The Only SASE RFP Template You’ll Ever Need Why do you need a SASE RFP?
Shopping for a SASE solution isn’t as easy as it sounds... SASE is an enterprise networking and security framework that is relatively new to the enterprise IT market (introduced by Gartner in 2019.) And less than 3 years young, SASE is often prone to misunderstanding and vendor “marketecture.” Meaning: If you don’t ask the right questions during your sales and vendor evaluation process, you may be locked into a solution that doesn’t align with your current and future business and technology needs.
A Quick Note about Cato’s RFP Template
Do a quick Google search and you’ll find millions of general RFP templates. That being said, Cato’s RFP template only covers the functional requirements of a future SASE deployment. There are no generic RFP requirements in our template, like getting the vendor details of your vendor companies.
So, What Must a SASE RFP Template Include?
Cato Networks has created a comprehensive, 13-page SASE RFP template, which contains all business and functional requirements for a full SASE deployment. Just download the template, fill in the relevant sections to your enterprise, and allow your short-listed vendors to fill in the remainder. While you may see some sections that are not relevant to your particular organization or use case, that's all right. It’s available for your reference, and to help you plan any future projects.
A Sneak Peek at Cato’s RFP Template
If you’d like a preview of Cato Networks’ SASE RFP template, we’re providing you with a high-level outline. Take a look at this "quick-guide", and then download the full SASE RFP template to put it into practice.
[boxlink link="https://www.catonetworks.com/resources/sase-rfi-rfp-template/?utm_source=blog&utm_medium=top_cta&utm_campaign=sase_rfp_template"] SASE RFI/RFP Made Easy | Get the Template [/boxlink]
1. Business and IT overview
You’ll describe your business and IT. Make sure to include enough details for vendors to understand your environment so they can tailor their answers to your specific needs and answer why their solution is valuable to your use case.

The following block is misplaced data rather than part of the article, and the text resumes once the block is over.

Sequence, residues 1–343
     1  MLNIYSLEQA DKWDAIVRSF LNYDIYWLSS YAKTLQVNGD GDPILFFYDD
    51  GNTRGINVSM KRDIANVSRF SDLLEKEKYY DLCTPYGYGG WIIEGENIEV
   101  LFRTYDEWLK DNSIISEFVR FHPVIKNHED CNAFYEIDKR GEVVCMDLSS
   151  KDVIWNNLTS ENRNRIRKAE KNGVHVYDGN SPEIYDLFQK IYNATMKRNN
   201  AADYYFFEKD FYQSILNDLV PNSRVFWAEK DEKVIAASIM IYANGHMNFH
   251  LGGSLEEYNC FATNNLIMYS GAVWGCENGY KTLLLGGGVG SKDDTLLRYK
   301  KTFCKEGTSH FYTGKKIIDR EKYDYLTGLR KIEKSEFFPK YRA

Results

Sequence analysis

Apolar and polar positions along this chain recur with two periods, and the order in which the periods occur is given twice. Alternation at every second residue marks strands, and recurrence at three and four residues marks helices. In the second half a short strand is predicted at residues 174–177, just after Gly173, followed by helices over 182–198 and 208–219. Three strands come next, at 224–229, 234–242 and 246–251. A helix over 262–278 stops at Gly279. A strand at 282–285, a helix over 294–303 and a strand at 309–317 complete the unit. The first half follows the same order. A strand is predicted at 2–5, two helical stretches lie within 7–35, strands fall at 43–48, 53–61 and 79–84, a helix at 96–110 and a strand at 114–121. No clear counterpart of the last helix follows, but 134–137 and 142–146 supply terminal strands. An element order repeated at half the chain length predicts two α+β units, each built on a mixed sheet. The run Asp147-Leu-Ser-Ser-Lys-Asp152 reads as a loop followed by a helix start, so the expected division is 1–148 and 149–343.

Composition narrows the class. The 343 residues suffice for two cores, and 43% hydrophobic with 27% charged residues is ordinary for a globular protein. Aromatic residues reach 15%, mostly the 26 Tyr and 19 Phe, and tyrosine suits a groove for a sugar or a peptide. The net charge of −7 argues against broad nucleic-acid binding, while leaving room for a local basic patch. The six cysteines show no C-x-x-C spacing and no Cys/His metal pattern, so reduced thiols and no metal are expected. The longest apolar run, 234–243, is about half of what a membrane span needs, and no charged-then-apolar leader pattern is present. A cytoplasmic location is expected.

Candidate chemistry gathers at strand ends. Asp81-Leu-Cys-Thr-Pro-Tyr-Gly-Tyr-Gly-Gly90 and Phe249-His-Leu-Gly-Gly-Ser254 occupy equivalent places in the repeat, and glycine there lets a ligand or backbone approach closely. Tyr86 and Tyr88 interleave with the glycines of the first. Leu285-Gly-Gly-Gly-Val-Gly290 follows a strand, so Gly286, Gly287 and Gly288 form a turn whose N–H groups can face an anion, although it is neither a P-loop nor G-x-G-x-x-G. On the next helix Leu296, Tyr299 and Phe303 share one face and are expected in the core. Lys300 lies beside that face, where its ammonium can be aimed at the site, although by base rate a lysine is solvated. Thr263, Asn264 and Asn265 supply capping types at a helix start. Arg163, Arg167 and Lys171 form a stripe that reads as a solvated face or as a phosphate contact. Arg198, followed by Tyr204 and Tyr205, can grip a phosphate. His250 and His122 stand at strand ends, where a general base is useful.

2. Solution Architecture
Understand your proposed vendors architecture, what the architecture includes, what it does and where it is placed (branch, device, cloud.) Comprehending vendor architecture will allow you to better determine how a vendor scales, how they address failures, deliver resiliency, etc.
3. Solution Capabilities
Deep dive into your proposed vendor functionalities. The idea is to select all selections relevant to your proposed SASE deployment, and have the vendor fill them out.
Receive a thorough exploration of a proposed vendor’s SD-WAN offering, covering link management, traffic routing and QoS, voice and latency-sensitive traffic, throughput and edge devices, monitoring and reporting, site provisioning, gradual deployment / co-existence with legacy MPLS networks.
Understand traffic encryption, threat prevention, threat detection, branch, cloud and mobile security, identity and user awareness, policy management and enforcement, as well as security management analytics and reporting.
Determine vendor components needed to connect a cloud datacenter to the network, amongst other areas.
Mobile (SDP / ZTNA)
Understand how vendors connect a mobile user to the network, their available mobile solutions for connecting mobile users to WAN and cloud, and other key areas.
Explore your vendor’s global traffic optimization, describe how they optime network support to mobile users, and more.
4. Support and Services